Car Accidents: Who’s At Fault?
Several factors could contribute to car accidents. Icy or frozen roads could be one reason, and an unaware driver could be another. Regardless, it pays to know that you, as a motorist, is protected by federal and state laws.
Car accident laws refer to legal rules that will determine who is at fault, and therefore, pay for personal and property damage arising from a traffic collision. If the world is black and white, the task of determining who’s responsible is easy. However, that’s not always the case. There are instances wherein both drivers are at fault, so the task of determining the percentage of fault lies entirely on lawyers, courts, and the police.
Car accident laws are a combination of personal injury and traffic laws. Four essential elements must be present to receive compensation as victims. These four elements are duty, breach, causation, and harm. Basics of car accidents.
A plaintiff should establish a breach of duty to win the case. Evidence of breach is shown through eyewitness testimony, admission of fault, or traffic surveillance video. If these are not available, circumstantial proofs can be used such as skid marks, blood alcohol readings, and paint smudges.
The element of causation, on the other hand, can be proven through medical testimonies demonstrating that the injuries were sustained because of a collision. Lastly, the plaintiff must be able to show harm. In car accidents, the plaintiff must be able to prove that the crash caused damage to the plaintiff’s person or vehicle to receive compensation for pain and grief, medical expenses, lost wages, and more.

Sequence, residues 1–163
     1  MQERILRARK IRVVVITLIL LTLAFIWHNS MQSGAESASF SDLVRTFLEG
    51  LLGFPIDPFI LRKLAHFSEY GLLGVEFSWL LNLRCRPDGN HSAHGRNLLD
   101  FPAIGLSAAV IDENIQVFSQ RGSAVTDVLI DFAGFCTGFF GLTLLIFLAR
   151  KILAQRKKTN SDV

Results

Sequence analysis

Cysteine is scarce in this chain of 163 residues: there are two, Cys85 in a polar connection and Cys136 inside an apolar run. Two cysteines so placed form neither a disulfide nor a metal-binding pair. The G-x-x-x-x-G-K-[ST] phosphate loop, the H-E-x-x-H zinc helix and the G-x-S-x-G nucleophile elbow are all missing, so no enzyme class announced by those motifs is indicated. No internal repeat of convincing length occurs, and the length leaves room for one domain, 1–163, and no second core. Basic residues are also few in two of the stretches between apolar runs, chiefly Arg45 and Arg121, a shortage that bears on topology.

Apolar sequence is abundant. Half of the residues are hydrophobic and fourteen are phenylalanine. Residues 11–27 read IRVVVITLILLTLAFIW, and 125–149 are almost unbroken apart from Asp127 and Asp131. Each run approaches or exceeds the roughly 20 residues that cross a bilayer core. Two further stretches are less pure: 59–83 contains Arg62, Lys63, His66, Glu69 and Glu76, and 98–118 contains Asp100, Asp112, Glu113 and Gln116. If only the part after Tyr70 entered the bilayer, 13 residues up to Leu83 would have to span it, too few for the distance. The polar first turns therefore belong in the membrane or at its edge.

So, who’s at fault?
Determining the at-fault party is never a walk in the park. Different state laws offer varying degrees of protection to motorists, pedestrians, and bicyclists. There are also various traffic rules for motorcyclists because they run faster and are more nimble than automobiles.
Truck drivers, on the other hand, have to be professionally trained and must be certified to drive. If trucks get involved in a collision, the liability might extend to the truck owner or company as well.
What if both drivers are at fault?
In some cases of car accidents, both drives involved in the collision could be at fault. It could also happen in car and pedestrian cases. In these instances, you can hire an attorney to prove the degree of fault.
Different states implement different guidelines on how to treat situations wherein two or more parties are at fault. In some states, whoever is 60% at fault will pay for the damages. But in other states, both parties will have to pay according to the degree of responsibility. For instance, if you are 60% at fault, then you will pay for 60% of the damages. The other party will pay for the remaining 40%.
How does auto insurance work?
Luckily, most vehicles have active auto insurance. An auto insurance company would pay for some or all of the damages in car accidents, depending on your coverage. Some may even pay for medical costs, and may also provide replacement vehicles.
Some auto insurance companies may also hire lawyers to prove liability in accidents. Bear in mind that if you are at-fault, you can expect your insurance premium to skyrocket the next time you renew because you will be seen as a high risk insured. It might take a few years to drop that point off your insurance records, and your premium to go down.